Better health for aging dogs

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As Vance ages (he’s nearly 13!), we’ve worked really hard to keep him healthy. We’ve switched him to a senior dog food and he takes several supplements.

I thought I’d round up the things we use with Vance, but of course know that you should always check with your vet when you introduce something new–especially with an older dog.

Our active aging Labrador has definitely been slowing down. He has arthritis in his spine and that keeps him from enjoying running as much as he used to. He just had a thorough check up at the vet and his numbers are all really good (knock wood that continues!), so I thought I’d do a round up of the modifications we’ve made and the supplements we’ve added.

So, what might be helpful for caring for an aging dog?

This Solvit 62320 Deluxe XL Telescoping Pet Ramp is great because you can lengthen it–that makes it really convenient for a wide variety of uses. (Unlike some ramps which are set to one size, so you’d need several for different uses–like, one to help the dog into the car, and one to help him up the front porch stairs, for instance.) It’s solid and sturdy and has a great no-slip surface. We’re not the only ones who like it–as of this writing, it’s got 460 5-star reviews on Amazon.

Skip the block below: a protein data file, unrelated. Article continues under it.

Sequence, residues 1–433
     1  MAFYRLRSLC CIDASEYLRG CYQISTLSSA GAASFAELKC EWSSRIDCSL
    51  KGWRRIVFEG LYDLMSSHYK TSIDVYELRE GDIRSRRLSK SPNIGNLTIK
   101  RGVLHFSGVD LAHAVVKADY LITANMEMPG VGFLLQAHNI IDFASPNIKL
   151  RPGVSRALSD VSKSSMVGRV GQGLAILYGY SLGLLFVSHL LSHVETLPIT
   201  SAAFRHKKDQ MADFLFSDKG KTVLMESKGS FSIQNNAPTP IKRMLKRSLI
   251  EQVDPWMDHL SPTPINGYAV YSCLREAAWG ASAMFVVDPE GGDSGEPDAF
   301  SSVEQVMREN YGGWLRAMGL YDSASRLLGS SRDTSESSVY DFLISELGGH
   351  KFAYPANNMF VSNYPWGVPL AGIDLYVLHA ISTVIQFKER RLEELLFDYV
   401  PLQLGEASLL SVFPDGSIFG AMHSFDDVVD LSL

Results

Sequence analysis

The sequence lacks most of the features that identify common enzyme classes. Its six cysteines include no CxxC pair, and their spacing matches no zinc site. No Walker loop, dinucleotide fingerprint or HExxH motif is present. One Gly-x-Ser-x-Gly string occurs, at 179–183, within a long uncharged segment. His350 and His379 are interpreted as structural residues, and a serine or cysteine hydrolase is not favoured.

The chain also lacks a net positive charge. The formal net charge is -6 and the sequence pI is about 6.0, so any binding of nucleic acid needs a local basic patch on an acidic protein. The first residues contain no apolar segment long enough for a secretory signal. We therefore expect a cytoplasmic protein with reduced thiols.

Vance is always hot these days, and the vet recommended we keep him as cool as possible. With temperatures rising, we decided to get him a cooling mat, especially for night time when he’d prefer we set the thermostat below 60 degrees (otherwise he gets hot fast) and we wind up too cold to sleep. So, this mat means we can leave the air conditioner a little higher and he stays cool. He likes it on top of his LL Bean bed.

Our vet recommended
to support Vance’s bones and joints. It’s got great reviews on Amazon, and we’ve definitely seen a difference in his flexibility. What’s more, he likes ’em, which goes a long way with a dog who’s becoming a bit of a reluctant eater (shocking, right? a Labrador with no appetite…)

To keep Vance’s liver healthy, the vet recommended
. His liver test worried the vet in October (honestly, I don’t entirely know what that means), but at his check up in July, his numbers are back in the normal range, so it seems like this is working really well for him. Obviously, as with all supplements, check with your vet!

The vet also recommended a probiotic (